Thursday, June 25, 2015
Today, in King v. Burwell, the Supreme Court upheld a key provision of the Affordable Care Act, handing a major victory to the Obama administration. The decision was 6-3, with Chief Justice John Roberts delivering the court's majority opinion. Roberts and Justice Anthony Kennedy joined the court's liberals.
As co-blogger Davis Orentlicher explained: "the challengers cite to two lines in the Affordable Care Act (ACA) that authorize subsidies for insurance bought on state-operated health insurance exchanges, without mentioning federally-operated state exchanges. Hence, argue the challengers, subsidies should be provided only for insurance purchased on state-operated exchanges, which means in only about 1/3 of states."
The Court disagreed with the challengers. In its syllabus the Court explained that
[w]hen analyzing an agency’s interpretation of a statute, this Court often applies the two-step framework announced in Chevron, 467 U. S. 837. But Chevron does not provide the appropriate framework here. The tax credits are one of the Act’s key reforms and whether they are available on Federal Exchanges is a question of deep “economic and political significance”; had Congress wished to assign that question to an agency, it surely would have done so expressly. And it is especially unlikely that Congress would have delegated this decision to the IRS, which has no expertise in crafting health insurance policy of this sort. It is instead the Court’s task to determine the correct reading of Section 36B. If the statutory language is plain, the Court must enforce it according to its terms. But oftentimes the meaning—or ambiguity—of certain words or phrases may only become evident when placed in context. So when deciding whether the language is plain, the Court must read the words “in their context and with a view to their place in the overall statutory scheme.”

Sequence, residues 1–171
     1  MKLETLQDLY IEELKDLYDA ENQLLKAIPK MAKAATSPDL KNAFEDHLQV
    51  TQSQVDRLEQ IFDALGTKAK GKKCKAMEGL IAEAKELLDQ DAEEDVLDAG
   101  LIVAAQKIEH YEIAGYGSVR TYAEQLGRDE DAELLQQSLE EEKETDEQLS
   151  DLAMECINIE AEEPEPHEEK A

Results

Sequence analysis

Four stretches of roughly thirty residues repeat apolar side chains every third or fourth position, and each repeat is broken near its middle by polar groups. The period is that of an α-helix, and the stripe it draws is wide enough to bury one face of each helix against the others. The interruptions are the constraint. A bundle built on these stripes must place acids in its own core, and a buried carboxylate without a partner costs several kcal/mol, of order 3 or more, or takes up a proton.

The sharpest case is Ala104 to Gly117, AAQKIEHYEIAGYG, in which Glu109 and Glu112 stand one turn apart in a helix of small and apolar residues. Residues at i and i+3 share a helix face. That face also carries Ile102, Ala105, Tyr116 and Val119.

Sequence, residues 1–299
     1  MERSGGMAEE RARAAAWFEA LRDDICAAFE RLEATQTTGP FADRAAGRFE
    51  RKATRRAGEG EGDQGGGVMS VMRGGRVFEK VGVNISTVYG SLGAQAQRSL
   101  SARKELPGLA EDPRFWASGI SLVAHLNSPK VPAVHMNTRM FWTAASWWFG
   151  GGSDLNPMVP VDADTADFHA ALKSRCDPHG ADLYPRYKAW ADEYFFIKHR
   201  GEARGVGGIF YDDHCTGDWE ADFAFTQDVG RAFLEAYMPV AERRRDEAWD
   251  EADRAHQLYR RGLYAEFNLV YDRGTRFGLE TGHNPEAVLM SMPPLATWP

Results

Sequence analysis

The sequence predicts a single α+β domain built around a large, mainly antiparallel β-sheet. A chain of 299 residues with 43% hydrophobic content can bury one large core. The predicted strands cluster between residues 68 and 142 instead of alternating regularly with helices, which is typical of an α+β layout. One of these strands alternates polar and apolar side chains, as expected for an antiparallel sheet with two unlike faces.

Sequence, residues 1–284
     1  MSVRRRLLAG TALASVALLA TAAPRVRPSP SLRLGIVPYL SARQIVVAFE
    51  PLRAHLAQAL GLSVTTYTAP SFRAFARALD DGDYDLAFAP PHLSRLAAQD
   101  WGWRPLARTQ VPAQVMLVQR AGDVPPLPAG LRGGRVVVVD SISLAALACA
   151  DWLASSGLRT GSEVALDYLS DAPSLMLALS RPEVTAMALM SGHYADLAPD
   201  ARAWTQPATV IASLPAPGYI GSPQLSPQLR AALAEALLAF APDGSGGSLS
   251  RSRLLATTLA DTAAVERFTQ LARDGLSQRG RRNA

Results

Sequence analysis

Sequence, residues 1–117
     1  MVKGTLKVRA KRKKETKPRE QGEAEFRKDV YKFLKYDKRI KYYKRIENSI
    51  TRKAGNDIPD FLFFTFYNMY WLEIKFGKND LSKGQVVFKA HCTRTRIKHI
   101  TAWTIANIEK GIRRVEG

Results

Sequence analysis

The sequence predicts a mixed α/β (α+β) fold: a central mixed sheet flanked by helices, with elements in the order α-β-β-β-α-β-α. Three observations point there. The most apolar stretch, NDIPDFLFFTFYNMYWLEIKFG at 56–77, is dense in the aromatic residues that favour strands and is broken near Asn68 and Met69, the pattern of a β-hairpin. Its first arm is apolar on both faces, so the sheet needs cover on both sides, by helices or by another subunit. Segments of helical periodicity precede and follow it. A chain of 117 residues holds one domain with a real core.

Petitioners’ plain-meaning arguments are strong, but the Act’s context and structure compel the conclusion that Section 36B allows tax credits for insurance purchased on any Exchange created under the Act. Those credits are necessary for the Federal Exchanges to function like their State Exchange counterparts, and to avoid the type of calamitous result that Congress plainly meant to avoid.
759 F. 3d 358, affirmed.
Bottom line: Individuals who get their health insurance through exchange established by federal government will be eligible for tax subsidies.